FORTUNATELY Mr. Phan shared my (let me hope) harmless interest in the names and properties of things in Nature, and he was always happy to acquire an English word, “seedling,” for instance, in exchange for a Vietnamese word, and to reprove me when I kept saying “betel,” when I ought to be saying “areca.” “The betel leaf,” he wrote firmly in my notebook, and “the areca nut.” The point is that the betel leaf, which comes from a pepper plant, is chewed together with the areca nut, which comes from a palm. Or used to be chewed. In the North that bad habit (betel acts like a drug or intoxicant) has practically disappeared; only once or twice, to my surprise, did I see the blackened teeth and gums so familiar in the South. Mr. Phan confirmed my observation. Small, sturdy, dark-skinned, with a wide, confiding grin (“They say I am a Stokeley Carmichael”), chain-smoking, in a brown leather jacket, he was something of an explorer himself. We compared travel notes. He knew China, Russia, Poland, Cuba, where he had stayed at the Havana Hilton. He showed me a short piece he had written in English about a trip he had taken last summer through his own country in which he had carefully set down the good points and the bad of what he had seen. He gave me “the Vietnamese man-of-letters recipe for making tea”: the pot must be scalded, and the water just below the boiling point—first the bubbles coming to the surface will be the size of a crab’s eye; wait till they are the size of a fish’s eye, then pour over the tea-leaves. Mr. Phan was a harbinger and a bustler and often prepared our “visits.” His great ambition was to visit France.
Clearly in these conversations, while searching for common ground, I was trying to hold onto my identity—a matter of loyalty, refusing to betray oneself. But this could be read two ways. In that very refusal was I not betraying myself in the unpleasant sense of showing my true colors? Having been an anti-Stalinist ever since the Moscow Trials, I had remained, I thought, a socialist of a utopian kind. In North Vietnam, the vocabulary repelled me precisely by its familiarity. I had heard that jargon before, and too many lies had been told in it: “the people’s democracies.” Yet were they all lies? I suddenly recalled the comfortable American joshing of US officials in Europe a few years back: “You old capitalist war-monger, you!” Ha ha. But if it was not true at the time, let us say up to 1960, it was already in the process of becoming true, prophetically, as those decent, amiable men were confidently laughing it off. The Bay of Pigs was waiting in the wings. And from the Vietnamese point of view—a point of view which I must say I gave little thought to until it was too late, i.e., until 1964—the United States had been capitalist-war-mongering at the side of the French practically since the death of Roosevelt and right up through Dien Bien Phu. And the current term “the American imperialist aggressors,” like it or not, expressed the current truth. Whatever the motives, originally, behind the US intervention in Vietnam, at present there was no doubt that it had turned, as if by itself, perhaps with nobody in particular propelling it, into a war of aggression, and capital investments were waiting to follow the flag, personified at a low level by the would-be real-estate developers piloting airplanes I had met in the South and at a high level by Mr. Lilienthal and his Mekong Valley Development project.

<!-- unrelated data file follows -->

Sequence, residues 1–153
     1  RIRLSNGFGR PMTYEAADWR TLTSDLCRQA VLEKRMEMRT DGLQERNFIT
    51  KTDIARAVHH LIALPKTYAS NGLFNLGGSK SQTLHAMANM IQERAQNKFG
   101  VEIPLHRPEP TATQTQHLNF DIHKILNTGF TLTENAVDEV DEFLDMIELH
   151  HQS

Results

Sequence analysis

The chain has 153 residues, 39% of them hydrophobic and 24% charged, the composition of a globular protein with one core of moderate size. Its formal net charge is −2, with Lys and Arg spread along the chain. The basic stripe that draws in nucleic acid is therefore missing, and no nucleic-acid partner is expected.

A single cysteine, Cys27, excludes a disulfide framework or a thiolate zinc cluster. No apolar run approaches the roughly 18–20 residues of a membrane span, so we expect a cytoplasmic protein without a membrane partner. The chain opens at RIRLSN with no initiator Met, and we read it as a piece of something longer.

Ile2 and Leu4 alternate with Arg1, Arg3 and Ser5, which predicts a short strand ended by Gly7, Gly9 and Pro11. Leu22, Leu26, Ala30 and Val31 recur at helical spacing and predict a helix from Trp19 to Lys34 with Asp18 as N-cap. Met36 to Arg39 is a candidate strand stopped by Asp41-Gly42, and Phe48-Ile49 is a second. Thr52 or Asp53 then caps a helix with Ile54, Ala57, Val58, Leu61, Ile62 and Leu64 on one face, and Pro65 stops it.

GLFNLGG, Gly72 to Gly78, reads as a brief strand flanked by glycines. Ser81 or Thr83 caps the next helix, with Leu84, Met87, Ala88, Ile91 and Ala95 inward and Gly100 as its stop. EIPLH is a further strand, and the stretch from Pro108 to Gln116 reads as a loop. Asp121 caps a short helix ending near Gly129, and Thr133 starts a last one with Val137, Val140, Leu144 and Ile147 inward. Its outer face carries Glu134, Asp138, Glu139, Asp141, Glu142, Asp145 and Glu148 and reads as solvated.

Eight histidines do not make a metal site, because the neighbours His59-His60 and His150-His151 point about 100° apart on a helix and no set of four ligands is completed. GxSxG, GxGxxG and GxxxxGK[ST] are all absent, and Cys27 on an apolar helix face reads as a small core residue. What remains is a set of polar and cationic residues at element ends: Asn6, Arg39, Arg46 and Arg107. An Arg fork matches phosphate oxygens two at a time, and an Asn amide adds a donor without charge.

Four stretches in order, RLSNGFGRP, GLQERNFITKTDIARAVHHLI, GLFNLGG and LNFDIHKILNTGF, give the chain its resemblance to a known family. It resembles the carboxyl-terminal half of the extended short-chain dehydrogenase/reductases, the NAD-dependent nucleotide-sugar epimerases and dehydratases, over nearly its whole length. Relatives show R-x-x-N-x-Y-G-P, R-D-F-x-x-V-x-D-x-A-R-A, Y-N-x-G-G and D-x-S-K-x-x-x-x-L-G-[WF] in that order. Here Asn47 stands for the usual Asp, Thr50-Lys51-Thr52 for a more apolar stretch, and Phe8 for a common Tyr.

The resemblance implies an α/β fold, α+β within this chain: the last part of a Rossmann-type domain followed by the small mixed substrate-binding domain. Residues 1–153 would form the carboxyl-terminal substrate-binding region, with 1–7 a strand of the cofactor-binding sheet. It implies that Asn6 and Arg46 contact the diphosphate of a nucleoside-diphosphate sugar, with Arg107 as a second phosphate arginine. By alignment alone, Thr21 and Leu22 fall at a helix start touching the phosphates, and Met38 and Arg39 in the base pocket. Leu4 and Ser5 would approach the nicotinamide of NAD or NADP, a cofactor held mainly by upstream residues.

As for the air war against the North, it was certainly a war of destruction and not of interdiction, as was at first pretended, unless the two terms are synonymous; you could “interdict” the flow of men and supplies to the South by destroying all life in the North, a program, I hear, that is within the technical capacity of the US but is not contemplated because of the damage foreseen to the American “image.”
WHAT THE UNITED STATES calls propaganda is in fact reiteration. Our officials, like our writers, want to “make it new.” Give us a little variety, the US delegates at the Paris conference and their echoes, American newsmen, moan after the North Vietnamese delegates have said, once again, that all acts of war against the DVN must cease. Meanwhile in reality US policy has remained undeviating, though clothed in seasonal changes of words as the years have rolled by. Johnson “limits” the bombing by announcement April I while actually intensifying it; his speech-writers design new wardrobes for the corpus of his Baltimore address, which keeps popping up in Manila, San Antonio, Washington, thickly disguised in woolly presidential “offers,” which seem to blind the American electorate but not the Vietnamese, who have no difficulty seeing through to the old naked proposition: reciprocity.